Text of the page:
“Is Ritalin addictive?” is a question to ask your physician upon receiving a prescription for this medication or any medication. You likely know Methylphenidate under its brand name of Ritalin and its common usage to treat ADHD. The drug provides short-term benefits of heightened energy and focus but has numerous risks. Misusing it can lead to a variety of side effects, more intense potentially for non-ADHD users. Let’s look at some of those side effects and dangers and identify when getting treatment for Ritalin use is necessary.
People who are taking ADHD drugs should be aware of the risks associated with them. Addiction is one of those possible consequences of using more than prescribed or using Ritalin when not needed. Treatment for Ritalin addiction is available at Hanley Center where gender-specific programs allow patients to work on recovery with peers who have similar experiences and needs.
What Is Ritalin?
Ritalin is the brand name for Methylphenidate, a stimulant that affects the central nervous system. While legally prescribed, it can have effects that are similar to cocaine. The drug comes in both tablets and capsules with sustained-release and extended-release versions.
A dose of Ritalin can produce effects lasting several hours. Its half-life in children is roughly 2.5 hours. In adults, its half-life is approximately 3.5 hours. Half-life figures can increase depending on how long a person has been taking Ritalin.
Why Is Ritalin Prescribed?
Physicians prescribe Ritalin for children, teens, and adults who have been diagnosed with attention deficit hyperactivity disorder (ADHD) or narcolepsy. The drug’s purpose is to provide a calming effect on users and help them focus on tasks. Those tasks typically involve school for children, teens, and college-age young adults. For adults, Ritalin may help them remain focused and productive at work.
How Is Ritalin Misused?
Misuse is commonly about using the drug for recreational purposes. It could be someone who’s been prescribed Ritalin using higher doses than needed or someone not prescribed Ritalin who’s using it for its effects on the brain. For students, misusing the drug may be done during periods of time when studying for exams or writing papers is necessary. Misuse also occurs among professionals, athletes, and others who want to increase their productivity at work or within a sport. People misusing Ritalin may snort or inject the drug, possibly without knowing the potential side effects from its abuse.
Ritalin Side Effects and Dangers
Ritalin’s side effects can show up differently in people with ADHD and people without ADHD. For example, someone with ADHD may not experience increased energy when using the drug. However, for people without ADHD, the following side effects from misuse may be more intense.
- Altered heart rate
- Changes in blood pressure
- Chest pain
- Panic attacks
- Respiratory depression
- Suppressed appetite
Addiction Risk from Ritalin Misuse
If you’re asking, “is Ritalin addictive?” the answer is yes. As a stimulant, Ritalin’s active ingredient releases dopamine in the brain. Dopamine is responsible for activating the brain’s reward system. In people with ADHD, Ritalin helps keep dopamine at healthy levels. For people without ADHD, an unhealthy amount of dopamine gets released and can contribute to future misuse of the drug.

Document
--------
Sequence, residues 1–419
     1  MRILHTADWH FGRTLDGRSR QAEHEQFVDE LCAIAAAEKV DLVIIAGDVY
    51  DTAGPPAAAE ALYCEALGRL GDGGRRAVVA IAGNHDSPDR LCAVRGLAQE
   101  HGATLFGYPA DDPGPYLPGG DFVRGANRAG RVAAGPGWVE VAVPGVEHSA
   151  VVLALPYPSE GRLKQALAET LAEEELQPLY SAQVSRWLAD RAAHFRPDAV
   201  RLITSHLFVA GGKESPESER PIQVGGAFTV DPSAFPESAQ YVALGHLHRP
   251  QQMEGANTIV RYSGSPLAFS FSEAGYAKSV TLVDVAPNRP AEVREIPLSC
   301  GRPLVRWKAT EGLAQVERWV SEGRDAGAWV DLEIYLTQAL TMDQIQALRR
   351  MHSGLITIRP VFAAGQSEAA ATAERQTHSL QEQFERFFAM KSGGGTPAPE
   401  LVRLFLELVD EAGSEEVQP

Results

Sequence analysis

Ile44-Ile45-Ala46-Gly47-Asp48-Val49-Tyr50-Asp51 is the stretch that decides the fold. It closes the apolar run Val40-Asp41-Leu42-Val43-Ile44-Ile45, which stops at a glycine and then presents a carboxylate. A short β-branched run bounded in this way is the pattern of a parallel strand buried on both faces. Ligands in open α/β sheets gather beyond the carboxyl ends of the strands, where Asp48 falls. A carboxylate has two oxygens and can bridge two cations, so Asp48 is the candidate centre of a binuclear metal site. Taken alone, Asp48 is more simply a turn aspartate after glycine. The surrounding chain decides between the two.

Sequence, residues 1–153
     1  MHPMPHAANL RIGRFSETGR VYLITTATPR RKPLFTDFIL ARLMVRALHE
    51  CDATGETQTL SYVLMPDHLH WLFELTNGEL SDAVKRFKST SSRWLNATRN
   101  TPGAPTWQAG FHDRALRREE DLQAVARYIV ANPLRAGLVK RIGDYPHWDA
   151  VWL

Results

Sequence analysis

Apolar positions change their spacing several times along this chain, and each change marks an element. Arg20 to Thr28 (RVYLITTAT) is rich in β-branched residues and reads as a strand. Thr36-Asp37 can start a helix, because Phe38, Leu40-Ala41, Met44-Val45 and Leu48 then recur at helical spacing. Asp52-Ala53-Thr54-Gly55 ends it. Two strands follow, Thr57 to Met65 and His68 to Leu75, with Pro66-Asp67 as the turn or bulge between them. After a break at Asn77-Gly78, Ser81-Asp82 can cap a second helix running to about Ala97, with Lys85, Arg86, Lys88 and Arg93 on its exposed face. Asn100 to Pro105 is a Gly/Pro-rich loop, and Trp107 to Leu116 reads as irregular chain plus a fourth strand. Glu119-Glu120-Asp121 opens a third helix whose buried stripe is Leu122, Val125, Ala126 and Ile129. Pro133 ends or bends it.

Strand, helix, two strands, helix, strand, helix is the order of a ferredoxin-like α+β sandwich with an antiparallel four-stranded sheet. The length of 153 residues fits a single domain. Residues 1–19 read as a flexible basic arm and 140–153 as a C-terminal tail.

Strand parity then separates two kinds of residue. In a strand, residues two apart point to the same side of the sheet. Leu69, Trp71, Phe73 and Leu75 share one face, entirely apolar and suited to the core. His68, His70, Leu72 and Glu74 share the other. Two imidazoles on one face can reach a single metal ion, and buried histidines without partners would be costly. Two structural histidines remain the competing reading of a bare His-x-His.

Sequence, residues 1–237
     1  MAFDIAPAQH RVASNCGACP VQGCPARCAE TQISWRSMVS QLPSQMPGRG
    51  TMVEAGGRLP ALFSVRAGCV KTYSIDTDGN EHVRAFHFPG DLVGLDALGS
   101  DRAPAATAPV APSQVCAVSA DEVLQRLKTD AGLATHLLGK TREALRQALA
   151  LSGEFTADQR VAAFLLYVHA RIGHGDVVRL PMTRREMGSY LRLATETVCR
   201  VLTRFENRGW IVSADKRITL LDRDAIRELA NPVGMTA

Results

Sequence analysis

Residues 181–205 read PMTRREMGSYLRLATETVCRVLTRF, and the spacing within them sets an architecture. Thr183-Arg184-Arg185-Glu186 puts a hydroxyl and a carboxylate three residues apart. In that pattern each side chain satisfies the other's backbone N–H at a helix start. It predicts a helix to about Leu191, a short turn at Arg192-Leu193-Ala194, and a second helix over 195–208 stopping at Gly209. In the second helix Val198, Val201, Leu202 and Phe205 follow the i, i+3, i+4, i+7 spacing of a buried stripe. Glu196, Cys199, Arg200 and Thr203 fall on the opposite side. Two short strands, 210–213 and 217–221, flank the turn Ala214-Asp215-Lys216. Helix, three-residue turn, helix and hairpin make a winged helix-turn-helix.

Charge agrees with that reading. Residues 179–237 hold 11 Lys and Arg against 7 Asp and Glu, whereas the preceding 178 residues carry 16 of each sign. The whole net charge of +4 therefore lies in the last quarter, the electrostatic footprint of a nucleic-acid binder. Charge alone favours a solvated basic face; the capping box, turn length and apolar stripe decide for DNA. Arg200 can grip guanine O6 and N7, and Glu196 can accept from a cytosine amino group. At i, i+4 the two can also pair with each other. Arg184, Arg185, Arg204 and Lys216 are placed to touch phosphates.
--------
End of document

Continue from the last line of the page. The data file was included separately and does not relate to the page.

Signs of a developing addiction may be apparent in someone you know using Ritalin as a prescription or a recreational drug. They may feel unable to stop using it, even if they want to quit. You can also look for signs of addiction in a variety of their behaviors.
1. They start taking Ritalin in larger amounts than prescribed.
2. They experience strong cravings for Ritalin, and their tolerance has increased.
3. They spend a great deal of time getting the drug, using it, and recovering from it.
4. They continue to misuse Ritalin even when they know it’s caused problems for them in relationships as well as mentally, physically, financially, or legally.
5. They experience withdrawal symptoms when they stop using Ritalin or lower the amount taken.
Treatment for Ritalin Addiction at Hanley Center
Treating prescription drug addiction is one of the specialties at Hanley Center. Patients needing help to quit using stimulants first experience a medical detox to move through the withdrawal process safely. During this time, they are monitored and treated for physical and psychological ailments that may include anxiety, depression, and suicidal thoughts.
Treatment programs at Hanley Center based on age and gender allow patients to work on recovery among peers during their stay. The programs are customized to meet the unique needs of each group. For example, the women’s program offers trauma-informed treatment for patients whose prescription drug addiction is connected to unresolved traumatic experiences and a team of female professionals from multiple disciplines provides the care throughout.
Beyond trauma care, other mental health needs can be addressed in a treatment program at Hanley Center. These may be related to undiagnosed depression or anxiety contributing to someone misusing Ritalin or another prescription medication. As part of dual diagnosis treatment, patients can learn new ways to cope with mental health symptoms as they work on sobriety goals to avoid relapsing. Treatment programs are designed with a holistic approach to a patient’s needs and include individual and group therapy, nutrition education, mindfulness training, and continuing care planning for future needs.
Hanley Center is a well-known care provider offering a range of treatment programs targeting the recovery from substance use, mental health issues, and beyond. Our primary mission is to provide a clear path to a life of healing and restoration. We offer renowned clinical care for mental illnesses and have the compassion and professional expertise to guide you toward lasting wellness.